2. Socrates Sculpture Park

Rock n Roll, Photograph by Scott Lynch, Courtesy of Socrates Sculpture Park

The Socrates Sculpture Park in Astoria is situated right on the East River across from Roosevelt Island. Founded in 1986 by sculptor Mark di Suvero, the park features works from both local and internationally acclaimed artists. The vast majority of the park’s artworks were commissioned and built on-site at their outdoor studio art space, which would allow visitors to see the art-making process. The park has no permanent collection, but all past exhibitions are available on their website.

Through the end of spring, the park is home to two exhibits: The Socrates Annual, and Broadway Billboard: “To the Avengers of the New World.” The former features commissions made by artists awarded with the “Socrates Annual” fellowship. Works range from Jesus Benavente’s ‘I Still Remember You Mijo (Votive Vela),’ featuring the title phrase surrounded by a pair of wings in red, to Paul Kopkau’s ‘Yard Shadow: Nokia’ & ‘Yard Shadow: Samsung,’ steel outlines of technology.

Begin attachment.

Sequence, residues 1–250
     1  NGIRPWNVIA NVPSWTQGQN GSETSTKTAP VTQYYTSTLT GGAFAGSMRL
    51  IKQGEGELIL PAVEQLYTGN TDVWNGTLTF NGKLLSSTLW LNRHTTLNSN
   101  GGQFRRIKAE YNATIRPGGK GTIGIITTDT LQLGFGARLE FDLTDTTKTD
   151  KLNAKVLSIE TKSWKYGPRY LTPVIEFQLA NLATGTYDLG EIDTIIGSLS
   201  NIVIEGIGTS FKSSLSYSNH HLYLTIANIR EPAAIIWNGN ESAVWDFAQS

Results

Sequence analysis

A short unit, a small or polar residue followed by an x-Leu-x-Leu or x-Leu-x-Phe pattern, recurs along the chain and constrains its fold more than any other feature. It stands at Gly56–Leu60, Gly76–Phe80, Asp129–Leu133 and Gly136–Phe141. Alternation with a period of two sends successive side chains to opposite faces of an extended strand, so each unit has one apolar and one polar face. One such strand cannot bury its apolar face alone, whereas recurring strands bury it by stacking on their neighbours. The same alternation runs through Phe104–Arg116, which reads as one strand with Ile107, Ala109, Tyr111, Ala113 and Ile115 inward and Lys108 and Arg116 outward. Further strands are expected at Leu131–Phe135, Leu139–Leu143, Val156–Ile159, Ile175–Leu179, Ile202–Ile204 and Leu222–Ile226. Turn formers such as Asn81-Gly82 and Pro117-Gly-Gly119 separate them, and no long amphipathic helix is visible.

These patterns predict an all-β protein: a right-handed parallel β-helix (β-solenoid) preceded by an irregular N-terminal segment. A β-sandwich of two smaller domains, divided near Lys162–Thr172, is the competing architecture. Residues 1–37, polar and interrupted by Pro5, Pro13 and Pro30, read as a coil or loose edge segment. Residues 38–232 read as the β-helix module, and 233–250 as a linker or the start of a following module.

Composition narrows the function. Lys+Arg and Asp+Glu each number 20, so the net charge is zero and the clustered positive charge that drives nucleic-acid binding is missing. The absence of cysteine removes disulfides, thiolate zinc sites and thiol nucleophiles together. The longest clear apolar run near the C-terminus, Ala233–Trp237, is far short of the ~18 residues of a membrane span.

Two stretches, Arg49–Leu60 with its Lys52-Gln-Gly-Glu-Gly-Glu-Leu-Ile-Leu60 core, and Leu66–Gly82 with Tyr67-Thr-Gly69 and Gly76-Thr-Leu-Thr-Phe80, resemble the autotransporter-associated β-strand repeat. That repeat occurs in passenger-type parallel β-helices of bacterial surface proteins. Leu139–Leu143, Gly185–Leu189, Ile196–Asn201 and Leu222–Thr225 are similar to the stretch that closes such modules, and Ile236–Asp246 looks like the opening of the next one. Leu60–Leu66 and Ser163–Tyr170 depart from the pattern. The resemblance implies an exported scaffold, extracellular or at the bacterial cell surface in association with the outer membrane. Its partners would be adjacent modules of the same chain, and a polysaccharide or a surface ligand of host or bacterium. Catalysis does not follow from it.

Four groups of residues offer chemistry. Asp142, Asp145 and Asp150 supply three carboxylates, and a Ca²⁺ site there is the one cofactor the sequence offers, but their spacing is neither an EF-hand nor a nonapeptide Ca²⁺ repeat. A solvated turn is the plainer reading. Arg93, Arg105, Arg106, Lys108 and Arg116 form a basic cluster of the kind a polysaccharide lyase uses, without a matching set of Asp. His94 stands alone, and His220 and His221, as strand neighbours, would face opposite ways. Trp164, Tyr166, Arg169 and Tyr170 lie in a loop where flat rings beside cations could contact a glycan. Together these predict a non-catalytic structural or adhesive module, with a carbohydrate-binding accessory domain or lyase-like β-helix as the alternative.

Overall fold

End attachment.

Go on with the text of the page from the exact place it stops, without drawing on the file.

According to the park’s website, “Ranging from fantastical to anecdotal to pedagogical, this year’s artists use a variety of narrative strategies. Several artist projects examine storytelling’s many material manifestations, from an homage to a Native American myth in which North America exists on a turtle’s back to a suggestion that a giant has fallen asleep under the Park’s blanket of grass, its exposed nose becoming refuge for a wandering monitor lizard.”

The other exhibit is a billboard made by artist Dread Scott and considers the impact and legacy of slave rebellions led by figures like Gabriel Prosser and Denmark Vesey. Each name is followed by an ampersand, and a flame at the bottom right corner “suggests both the intensity and power of these leader’s battles against oppression and memorializes their stories.”

In the summer, the park will be releasing a new exhibit titled “MONUMENTS NOW,” with new commissions for contemporary monuments by Jeffrey Gibson, Paul Ramírez Jonas, and Xaviera Simmons. The exhibition will commemorate the narratives of underrepresented communities, such as Indigenous, queer, and diasporic groups.